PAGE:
Monday, April 05, 2010
Some Answers, Some Questions
In Maine, where I spend most of the year, painting is still the gold standard. In New York, the ARTSEEN editors at The Brooklyn Rail write that followers of post-modern theory have created "a ghetto into which painting, drawing and sculpture, along with certain kinds of film and photography have been driven, the door locked and the key thrown away." Personally, I like a balance between content and form, and in thinking about why both are important, have come up with some answers:
Art is an object. Art has no physical form.
Art is presented in special places. Art is everywhere we look.
Art is made by talented people. Art is made by everyone.
Art exists in a vacuum. Art exists in the interaction between the object and the viewer.
Art is the interaction between participants.
There is no message without a sender.
There is no message without a receiver.
Art is always static. Art is always moving.
And then some questions:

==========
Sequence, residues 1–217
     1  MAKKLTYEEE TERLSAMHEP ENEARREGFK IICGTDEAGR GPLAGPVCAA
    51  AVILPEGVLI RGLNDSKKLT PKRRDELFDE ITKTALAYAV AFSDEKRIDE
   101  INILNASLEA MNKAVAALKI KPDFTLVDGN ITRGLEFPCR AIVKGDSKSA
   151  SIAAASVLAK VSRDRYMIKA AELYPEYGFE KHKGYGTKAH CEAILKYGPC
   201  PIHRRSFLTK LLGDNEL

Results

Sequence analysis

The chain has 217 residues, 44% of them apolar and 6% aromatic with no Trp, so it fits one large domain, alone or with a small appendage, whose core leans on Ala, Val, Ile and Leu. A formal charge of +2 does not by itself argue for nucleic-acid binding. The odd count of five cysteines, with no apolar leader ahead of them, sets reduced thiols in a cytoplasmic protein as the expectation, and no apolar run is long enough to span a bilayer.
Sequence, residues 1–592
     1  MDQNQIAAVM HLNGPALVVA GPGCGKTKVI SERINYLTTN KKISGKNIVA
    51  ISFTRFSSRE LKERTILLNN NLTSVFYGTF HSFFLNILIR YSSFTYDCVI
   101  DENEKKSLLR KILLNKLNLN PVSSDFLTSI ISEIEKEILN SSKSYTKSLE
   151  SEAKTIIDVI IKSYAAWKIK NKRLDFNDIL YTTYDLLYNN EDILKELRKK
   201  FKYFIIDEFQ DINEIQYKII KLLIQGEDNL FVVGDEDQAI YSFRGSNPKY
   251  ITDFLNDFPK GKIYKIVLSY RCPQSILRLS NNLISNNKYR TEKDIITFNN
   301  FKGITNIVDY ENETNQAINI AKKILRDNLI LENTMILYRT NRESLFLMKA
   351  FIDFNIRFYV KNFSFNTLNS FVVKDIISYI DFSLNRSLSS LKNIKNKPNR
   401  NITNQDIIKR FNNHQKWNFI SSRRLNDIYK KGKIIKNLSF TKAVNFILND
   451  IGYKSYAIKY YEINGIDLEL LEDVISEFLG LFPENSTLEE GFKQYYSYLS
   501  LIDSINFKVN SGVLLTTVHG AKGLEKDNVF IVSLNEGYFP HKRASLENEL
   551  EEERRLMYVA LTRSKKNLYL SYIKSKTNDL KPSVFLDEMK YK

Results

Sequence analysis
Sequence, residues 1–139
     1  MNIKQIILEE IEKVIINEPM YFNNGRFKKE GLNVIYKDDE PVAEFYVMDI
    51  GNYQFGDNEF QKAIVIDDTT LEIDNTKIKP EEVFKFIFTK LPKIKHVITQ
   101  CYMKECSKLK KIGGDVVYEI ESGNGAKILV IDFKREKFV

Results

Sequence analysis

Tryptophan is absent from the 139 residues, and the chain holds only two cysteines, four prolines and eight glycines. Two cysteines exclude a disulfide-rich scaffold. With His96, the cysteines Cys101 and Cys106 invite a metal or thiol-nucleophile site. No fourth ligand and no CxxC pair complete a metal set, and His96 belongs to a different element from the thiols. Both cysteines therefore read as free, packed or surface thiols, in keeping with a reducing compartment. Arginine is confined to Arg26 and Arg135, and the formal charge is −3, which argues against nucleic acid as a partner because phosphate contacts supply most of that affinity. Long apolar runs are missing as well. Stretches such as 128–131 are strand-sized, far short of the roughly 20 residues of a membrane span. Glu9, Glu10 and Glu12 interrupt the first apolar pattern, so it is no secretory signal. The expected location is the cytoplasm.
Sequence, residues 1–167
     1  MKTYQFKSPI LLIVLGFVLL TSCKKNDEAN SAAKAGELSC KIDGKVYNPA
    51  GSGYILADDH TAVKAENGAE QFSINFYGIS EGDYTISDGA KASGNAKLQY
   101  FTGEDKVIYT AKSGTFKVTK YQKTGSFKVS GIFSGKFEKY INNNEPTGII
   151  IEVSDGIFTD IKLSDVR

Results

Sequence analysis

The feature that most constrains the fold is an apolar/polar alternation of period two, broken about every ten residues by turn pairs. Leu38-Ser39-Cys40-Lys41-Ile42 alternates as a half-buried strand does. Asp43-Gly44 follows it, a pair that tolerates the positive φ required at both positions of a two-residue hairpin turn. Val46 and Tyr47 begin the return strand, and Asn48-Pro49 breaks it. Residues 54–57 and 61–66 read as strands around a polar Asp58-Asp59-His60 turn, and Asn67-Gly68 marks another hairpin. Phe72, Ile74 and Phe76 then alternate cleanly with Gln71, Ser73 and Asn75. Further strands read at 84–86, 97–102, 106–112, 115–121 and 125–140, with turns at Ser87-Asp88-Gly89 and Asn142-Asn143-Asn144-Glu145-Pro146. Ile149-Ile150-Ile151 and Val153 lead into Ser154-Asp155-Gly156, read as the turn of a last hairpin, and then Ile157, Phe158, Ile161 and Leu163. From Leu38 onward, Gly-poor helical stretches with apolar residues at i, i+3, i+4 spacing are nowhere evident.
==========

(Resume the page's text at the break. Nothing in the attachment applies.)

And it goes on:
Where does art start and where does it stop? What is the vantage point from which art can be seen, practiced and acted on? When is an artist not an artist? Questions of permanence/ephemerality and of commercial value are secondary to the consideration that art is a noun for which there is no verb. The verb is "to make." If I jump on a pedestal and proclaim myself an artist - that's art. If I put a pile of sofas in the middle of Second Avenue and sit there - yes, I am an artist. What makes the sardine packer different from the canner of s***? The difference lies in the ability of the artist (in this case Manzoni) to take a concept, that of putting something edible into a can, and twist the concept for his own purposes, whatever those may be. The art lies in the transfiguration of action into idea into objectification, the creation of the moebius strip that unifies the three.